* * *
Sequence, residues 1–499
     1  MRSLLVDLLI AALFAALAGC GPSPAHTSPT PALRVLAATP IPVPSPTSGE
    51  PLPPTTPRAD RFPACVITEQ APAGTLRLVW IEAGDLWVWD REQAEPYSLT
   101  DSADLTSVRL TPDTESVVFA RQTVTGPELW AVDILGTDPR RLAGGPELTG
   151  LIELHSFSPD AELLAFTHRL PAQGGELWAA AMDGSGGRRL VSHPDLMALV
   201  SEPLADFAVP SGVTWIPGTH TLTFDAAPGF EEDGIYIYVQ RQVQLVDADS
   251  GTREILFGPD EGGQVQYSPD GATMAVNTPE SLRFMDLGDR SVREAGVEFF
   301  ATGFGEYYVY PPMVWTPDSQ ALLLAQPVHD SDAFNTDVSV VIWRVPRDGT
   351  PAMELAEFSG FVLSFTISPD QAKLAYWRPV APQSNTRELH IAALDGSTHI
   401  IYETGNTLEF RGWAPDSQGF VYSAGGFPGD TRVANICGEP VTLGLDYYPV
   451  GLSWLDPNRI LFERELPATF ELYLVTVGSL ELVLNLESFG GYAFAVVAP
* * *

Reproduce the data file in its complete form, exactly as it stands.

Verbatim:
Sequence, residues 1–499
     1  MRSLLVDLLI AALFAALAGC GPSPAHTSPT PALRVLAATP IPVPSPTSGE
    51  PLPPTTPRAD RFPACVITEQ APAGTLRLVW IEAGDLWVWD REQAEPYSLT
   101  DSADLTSVRL TPDTESVVFA RQTVTGPELW AVDILGTDPR RLAGGPELTG
   151  LIELHSFSPD AELLAFTHRL PAQGGELWAA AMDGSGGRRL VSHPDLMALV
   201  SEPLADFAVP SGVTWIPGTH TLTFDAAPGF EEDGIYIYVQ RQVQLVDADS
   251  GTREILFGPD EGGQVQYSPD GATMAVNTPE SLRFMDLGDR SVREAGVEFF
   301  ATGFGEYYVY PPMVWTPDSQ ALLLAQPVHD SDAFNTDVSV VIWRVPRDGT
   351  PAMELAEFSG FVLSFTISPD QAKLAYWRPV APQSNTRELH IAALDGSTHI
   401  IYETGNTLEF RGWAPDSQGF VYSAGGFPGD TRVANICGEP VTLGLDYYPV
   451  GLSWLDPNRI LFERELPATF ELYLVTVGSL ELVLNLESFG GYAFAVVAP